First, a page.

‘Why We Fight’ director pulls no punches

Eugene Jarecki talks about what is worth a fight: Hint ‘ it’s not corporate profit

Jenna Ross

Eugene Jarecki began by asking people ‘ politicians, military experts, moms ‘ a question: Why does the United States go to war?

The answers aren’t pretty. His documentary “Why We Fight” tells us that America fights because it’s profitable. It fights because rich white men use war for power. It fights because we’re stuck in a military-centered matrix and cannot see a way out.

The ideas, arguably, aren’t new. But Jarecki’s documentary is powerful not in its dark vision but in its moments of light.

There are too few of them. But Jarecki, 36, continues a kind of optimism in his own discussion ‘ with Jon Stewart on “The Daily Show,” with his students at Brown University and last month, with A&E.

In each instance he calls on young people in particular to learn from films like his and make change. But he’s not calling on them because they can’t pull themselves away from their PlayStations long enough to read a newspaper. He’s calling on them because he thinks they’re smart. He thinks they’re already learning about these issues and already making change.

“I spend a lot of time on college campuses,” Jarecki said. “And I’m extremely inspired by what I see there.”

As a visiting senior fellow at Brown University’s Watson Institute, Jarecki teaches international studies. Sure, he’s serious about this stuff now. But back in his days at Princeton, he wasn’t so politically active.

“By and large I was far too uninvolved in the world around me,” he said. “I think at the time there was a greater myth of American prosperity.”

Now that myth, Jarecki and his film say, is coming undone. Jarecki and his crew stopped in more than 30 states to talk with people about why they think the country goes to war. People’s first answer, Jarecki said, was “freedom.” But after he pressed them, he found that they said far more interesting things. Some people spit back thoughts on corporate greed. Some people weren’t angry but were, instead, unsure.

Of course, it’s a tricky question with a problematic answer. If every person says “freedom,” is the society that governs them truly free? And if people give all sorts of reasons ‘ from Lockheed Martin to cultural imperialism ‘ then a country is in disrepair.

“When you’ve lost national unity, the country has lost its most important line of defense,” Jarecki said. “It’s lost the willingness of its people to die for it.”

Jarecki sees national defense as more than bombs. He cannot separate national security from health care, from infrastructure, from education.

His documentary uses a speech from President Dwight D. Eisenhower to further the same thought. In the farewell address of his presidency, Eisenhower, a Republican and former general, warns the country about a growing “military industrial complex.” He’s worried, he says, that the country’s new focus on military will starve the government’s other responsibilities.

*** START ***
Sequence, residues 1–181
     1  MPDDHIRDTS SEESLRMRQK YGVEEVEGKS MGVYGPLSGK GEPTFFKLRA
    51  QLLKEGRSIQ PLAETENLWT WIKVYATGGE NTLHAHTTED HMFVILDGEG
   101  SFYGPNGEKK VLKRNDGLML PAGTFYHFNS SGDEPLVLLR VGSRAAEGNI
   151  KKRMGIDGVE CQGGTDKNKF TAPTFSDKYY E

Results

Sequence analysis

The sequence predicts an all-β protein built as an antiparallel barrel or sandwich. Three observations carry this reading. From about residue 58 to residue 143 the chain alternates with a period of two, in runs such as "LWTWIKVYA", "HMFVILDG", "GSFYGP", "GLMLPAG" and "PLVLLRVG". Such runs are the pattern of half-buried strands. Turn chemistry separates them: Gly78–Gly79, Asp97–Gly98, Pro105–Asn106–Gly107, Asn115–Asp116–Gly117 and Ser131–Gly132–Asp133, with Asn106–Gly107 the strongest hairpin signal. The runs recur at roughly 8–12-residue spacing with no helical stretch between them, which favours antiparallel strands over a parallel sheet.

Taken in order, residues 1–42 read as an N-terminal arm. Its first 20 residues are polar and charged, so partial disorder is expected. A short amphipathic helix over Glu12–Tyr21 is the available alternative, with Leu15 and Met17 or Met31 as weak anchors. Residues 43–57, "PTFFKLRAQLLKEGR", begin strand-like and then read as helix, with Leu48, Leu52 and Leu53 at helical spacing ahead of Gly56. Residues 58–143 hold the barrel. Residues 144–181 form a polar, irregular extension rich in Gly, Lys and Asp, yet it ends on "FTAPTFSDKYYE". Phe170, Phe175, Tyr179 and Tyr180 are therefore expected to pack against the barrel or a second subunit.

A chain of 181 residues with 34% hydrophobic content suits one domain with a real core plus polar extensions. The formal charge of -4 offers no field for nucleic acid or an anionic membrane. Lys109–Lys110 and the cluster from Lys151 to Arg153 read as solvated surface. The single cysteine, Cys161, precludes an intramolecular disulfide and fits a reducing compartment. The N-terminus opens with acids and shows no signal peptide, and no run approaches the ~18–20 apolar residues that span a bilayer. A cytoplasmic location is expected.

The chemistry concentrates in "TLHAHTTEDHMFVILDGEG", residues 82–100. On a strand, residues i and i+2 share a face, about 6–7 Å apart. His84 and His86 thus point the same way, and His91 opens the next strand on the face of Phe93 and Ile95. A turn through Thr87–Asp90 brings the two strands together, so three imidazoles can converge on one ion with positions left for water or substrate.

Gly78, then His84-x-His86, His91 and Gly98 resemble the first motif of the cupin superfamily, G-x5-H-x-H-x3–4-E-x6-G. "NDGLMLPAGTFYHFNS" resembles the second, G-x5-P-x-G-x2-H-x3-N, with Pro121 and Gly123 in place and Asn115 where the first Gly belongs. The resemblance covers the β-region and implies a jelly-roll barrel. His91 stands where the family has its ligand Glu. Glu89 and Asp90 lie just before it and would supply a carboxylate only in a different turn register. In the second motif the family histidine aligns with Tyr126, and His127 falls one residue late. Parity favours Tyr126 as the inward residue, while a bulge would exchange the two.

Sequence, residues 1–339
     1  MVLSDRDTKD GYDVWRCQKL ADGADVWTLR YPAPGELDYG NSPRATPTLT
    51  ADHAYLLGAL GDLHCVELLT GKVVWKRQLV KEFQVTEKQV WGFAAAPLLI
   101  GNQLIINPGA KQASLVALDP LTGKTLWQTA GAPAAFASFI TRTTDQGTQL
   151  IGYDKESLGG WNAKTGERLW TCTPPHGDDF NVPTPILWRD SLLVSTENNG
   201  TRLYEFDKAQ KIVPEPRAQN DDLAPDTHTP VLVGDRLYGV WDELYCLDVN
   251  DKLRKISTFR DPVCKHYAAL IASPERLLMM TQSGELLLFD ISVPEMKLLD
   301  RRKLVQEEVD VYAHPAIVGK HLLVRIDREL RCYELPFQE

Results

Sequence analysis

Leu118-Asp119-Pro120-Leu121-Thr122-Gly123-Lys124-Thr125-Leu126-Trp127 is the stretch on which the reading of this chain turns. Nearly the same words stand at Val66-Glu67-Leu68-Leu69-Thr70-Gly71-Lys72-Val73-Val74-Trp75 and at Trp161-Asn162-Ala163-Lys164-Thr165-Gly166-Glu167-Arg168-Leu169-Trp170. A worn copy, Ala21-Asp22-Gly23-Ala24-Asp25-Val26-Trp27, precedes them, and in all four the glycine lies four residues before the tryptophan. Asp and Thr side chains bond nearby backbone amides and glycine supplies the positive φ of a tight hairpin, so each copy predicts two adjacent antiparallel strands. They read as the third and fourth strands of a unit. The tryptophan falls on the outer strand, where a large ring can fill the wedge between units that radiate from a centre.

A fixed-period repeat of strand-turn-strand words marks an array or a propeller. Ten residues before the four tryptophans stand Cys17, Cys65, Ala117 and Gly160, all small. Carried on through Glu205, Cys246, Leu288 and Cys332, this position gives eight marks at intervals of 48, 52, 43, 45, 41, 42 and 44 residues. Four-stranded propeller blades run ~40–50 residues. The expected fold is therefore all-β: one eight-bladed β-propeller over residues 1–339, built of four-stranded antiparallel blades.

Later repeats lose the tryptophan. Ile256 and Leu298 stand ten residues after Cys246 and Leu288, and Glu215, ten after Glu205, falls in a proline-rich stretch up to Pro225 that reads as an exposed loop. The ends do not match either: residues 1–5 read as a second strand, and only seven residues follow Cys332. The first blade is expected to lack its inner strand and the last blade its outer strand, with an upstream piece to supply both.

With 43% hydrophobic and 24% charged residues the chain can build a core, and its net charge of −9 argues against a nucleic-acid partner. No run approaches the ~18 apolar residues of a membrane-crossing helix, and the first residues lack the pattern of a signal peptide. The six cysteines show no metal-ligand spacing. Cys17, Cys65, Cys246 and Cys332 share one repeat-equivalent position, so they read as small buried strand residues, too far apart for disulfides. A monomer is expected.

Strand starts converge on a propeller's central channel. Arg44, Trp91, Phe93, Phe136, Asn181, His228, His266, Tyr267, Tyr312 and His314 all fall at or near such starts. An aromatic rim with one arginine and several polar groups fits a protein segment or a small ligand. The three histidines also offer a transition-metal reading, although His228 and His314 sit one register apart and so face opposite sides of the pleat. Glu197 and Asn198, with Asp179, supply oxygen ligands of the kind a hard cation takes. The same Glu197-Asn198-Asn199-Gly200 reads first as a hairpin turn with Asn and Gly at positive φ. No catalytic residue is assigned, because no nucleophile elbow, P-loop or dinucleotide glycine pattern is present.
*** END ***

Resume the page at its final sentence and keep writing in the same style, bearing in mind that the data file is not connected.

Jarecki has watched this prediction come true. He sees Eisenhower’s address as “genius,” and quotes it practically in its entirety in the course of the interview. But, each time, he must explain how what Ike predicted has not only come to pass, but gotten worse.

“Corruption is so amok that everyday people have their belief in the country challenged,” he said.

Jarecki features one such everyday person in his film. Wilton Sekzer, a New York City cop, wants the name of his dead son written on one of the bombs dropped in Iraq. His son died in the attacks of Sept. 11, 2001, and he’s angry about it. He wants someone ‘ an entire people ‘ punished.

Through the course of the film we witness a metamorphosis. Sekzer turns from a vengeful war hawk into a confused, hurt man who thinks his patriotism was hijacked by the Bush administration’s lies.

When Jarecki interviewed Sekzer, he had no idea he would witness such a moving moment of clarity.

“The film’s surprise is my surprise,” he said.

In that moment, Jarecki and his film gain greater power than a down-on-military film could have. He shows a conscious, thinking public considering these issues. At times, that public might be the minority. At times, it might not be heard.

But these things take time, he said. People are pushing in the right direction. It just might take a while for their shove to actually move things.

“People cannot lose hope. The human desire for greater clarity and a more sustainable world ‘ that’s worth dying for,” Jarecki said. “That’s worth living for. And that’s worth fighting for.”